Published March 1, 1994.
Traditional scones are fluffy--not hard and dense--and are worked quickly and lightly to achieve a delicate texture.
The clunky mounds of oven-baked sweetened dough called "rock cakes" by the English are often called scones in American restaurants and coffee shops. But we didn't want to make rock cakes; we wanted to figure out how to make a traditional scone, which should be tender, light, and delicate. Unlike rock cakes, in which dough is dropped from a spoon onto a baking sheet, traditional scones are quickly rolled or patted out and cut into rounds or wedges.
A true scone, the quintessential tea cake of the British Isles, which is essentially a fluffy biscuit, something that may come as a surprise to some Americans.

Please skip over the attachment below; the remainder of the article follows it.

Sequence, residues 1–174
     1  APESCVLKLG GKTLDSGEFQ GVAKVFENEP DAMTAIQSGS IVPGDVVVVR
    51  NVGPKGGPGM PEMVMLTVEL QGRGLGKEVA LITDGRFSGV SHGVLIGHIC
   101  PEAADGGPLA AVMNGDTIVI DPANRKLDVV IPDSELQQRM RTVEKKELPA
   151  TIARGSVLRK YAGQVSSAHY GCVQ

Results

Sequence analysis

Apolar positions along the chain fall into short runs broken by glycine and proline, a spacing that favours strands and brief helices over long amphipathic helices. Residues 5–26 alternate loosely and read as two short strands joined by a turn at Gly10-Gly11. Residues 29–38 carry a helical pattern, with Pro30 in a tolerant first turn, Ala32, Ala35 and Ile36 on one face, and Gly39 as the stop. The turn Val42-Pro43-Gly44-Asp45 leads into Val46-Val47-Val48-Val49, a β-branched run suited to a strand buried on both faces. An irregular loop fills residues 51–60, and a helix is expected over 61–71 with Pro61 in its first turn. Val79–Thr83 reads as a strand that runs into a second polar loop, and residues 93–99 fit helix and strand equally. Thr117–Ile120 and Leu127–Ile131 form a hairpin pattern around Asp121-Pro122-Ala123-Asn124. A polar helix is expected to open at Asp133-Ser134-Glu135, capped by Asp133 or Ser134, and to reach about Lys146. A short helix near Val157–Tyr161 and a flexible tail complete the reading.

The secret to making a good scone is to work the dough quickly and lightly and to then bake it immediately in a preheated oven. Speed is of the essence to keep the dough from becoming tough; it is also important when using homemade single-acting baking powder for leavener, as this recipe does, because you want the powder to do its work in the oven, not before baking. The whole process shouldn't take more than 20 minutes, from mixing the ingredients together to pulling the finished scones out of the oven.list of recipes